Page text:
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Ex-daily staffers launch ‘good news’ paper on old patch

Three former regional daily staffers have teamed up to launch a new weekly newspaper on their former patch.

Hartlepool Life has been created by former Hartlepool Mail news editor Steve Hartley, picture editor Dirk Van Der Werff and newspaper sales manager Paul Healey, along with two local businessmen, after conceiving the idea at a monthly get-together of ex-Mail employees.

The free weekly, which comes out every Wednesday, pledges to focus on good news about people, businesses and schools in the Hartlepool area.

The paper is set to move into new town centre offices shortly, but are currently at a temporary base – with the first edition being put together on a laptop in the back room of a pub.

Hartlepool Life 3

Dirk told HTFP: “Our print run is 25,000 and the reception by both advertisers and our readers has been overwhelming, thank goodness.

“Our unique selling point is that we only carry good and positive news about the people of the town, and the businesses and schools in the town. The old saying is that good news doesn’t sell newspapers – well we’re free so it doesn’t count.”

Dirk, who spent 25 years with the Mail before setting up his own wedding photography business after being made redundant 15 years ago, added: “Facebook and online forums do anger and darkness and negativity so much better nowadays, so we’re a newspaper without any of those things – and our readers love it.

“It’s a refreshing change for both the staff and our readers. Our newspaper is only posted online the day before the next issue so we can refer people to it. Putting news online has killed so many newspapers, including the one we all loved so dearly, so we’re not making the same mistake.”

Hartlepool Life currently runs to 32 pages, 15 pages of which are editorial, with an additional three pages of sport.

Once the team move into a permanent headquarters, a reception will be opened so readers can submit birth, death and marriage notices.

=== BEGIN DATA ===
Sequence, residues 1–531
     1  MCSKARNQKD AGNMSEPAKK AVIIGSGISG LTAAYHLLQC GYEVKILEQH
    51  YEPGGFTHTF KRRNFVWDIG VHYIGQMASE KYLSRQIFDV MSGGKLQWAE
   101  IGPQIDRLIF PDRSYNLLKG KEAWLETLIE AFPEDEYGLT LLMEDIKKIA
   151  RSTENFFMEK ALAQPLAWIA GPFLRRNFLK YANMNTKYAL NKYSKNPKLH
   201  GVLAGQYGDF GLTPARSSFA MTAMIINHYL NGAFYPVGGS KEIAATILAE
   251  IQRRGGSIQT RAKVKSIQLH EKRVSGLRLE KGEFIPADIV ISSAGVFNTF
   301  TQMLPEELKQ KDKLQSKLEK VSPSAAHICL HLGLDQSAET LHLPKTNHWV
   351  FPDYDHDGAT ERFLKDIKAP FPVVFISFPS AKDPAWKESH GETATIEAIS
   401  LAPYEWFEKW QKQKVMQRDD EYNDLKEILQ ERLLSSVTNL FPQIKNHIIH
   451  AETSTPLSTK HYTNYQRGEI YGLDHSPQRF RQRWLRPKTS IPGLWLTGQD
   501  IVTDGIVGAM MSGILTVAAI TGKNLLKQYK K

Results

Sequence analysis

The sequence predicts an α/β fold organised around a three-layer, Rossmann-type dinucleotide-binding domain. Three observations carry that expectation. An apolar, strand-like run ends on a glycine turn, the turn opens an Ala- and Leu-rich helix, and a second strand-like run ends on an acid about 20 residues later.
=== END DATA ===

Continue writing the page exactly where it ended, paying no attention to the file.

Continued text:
Steve, who serves as the paper’s editorial director, worked at the Mail for 18 years as news editor and assistant editor before being made redundant. He later went on to work for the Scarborough Evening News.

The editorial duo are joined as directors of Hartlepool Life by Paul Healey, former newspaper sales manager at Johnston Press North East, print and design business owner Ian Griffiths, and Hartlepool businessman Leo Gillen, whose family newsagent business used to sell 25pc of the town’s newspapers.

20 comments

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  • April 10, 2017 at 9:27 am
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    Good luck to this new venture. Let’s hope it grows to fill the gap left behind by the Hartlepool Mail. Good news is great but there are a lot of woes in the town which also need covering. Let’s hope the news-starved people of Hartlepool get behind you. All the best.

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  • April 10, 2017 at 10:18 am
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    Not quite sure Tim Jones is aware of the irony of his negative post on an idea with so many positives. Many weekly newspapers have emphasised the positive, the local, and succeeded.
    Steve Hartley was always a class act, with a knowledge of journalism, writing and people.
    And the big thing here is that we are seeing the big newspaper groups lose readers in their droves because they are ignoring their circulation demographics chasing down huge profit margins, axing staff and reducing circulation areas.
    If small papers like this start plugging those gaps, even in a small way in terms of profit, then there is hope for newspapers and journalism after all.

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  • April 10, 2017 at 10:21 am
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    Good luck to them, but I’ve never understood the thinking behind a “good news only” approach to publishing.

    I appreciate that good news is often overlooked or under-reported but what are they supposed to do if there’s a massive car crash or a murder on their patch – bury it on page 17 behind the WI reports?

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  • April 10, 2017 at 10:24 am
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    Reminds me of the Reader Project which took a year back in the 1990s. Readers wanted less court and crime and more nice news. When we obliged, circulation declined even faster.

    Good luck to the team, sounds like they have some serious backing.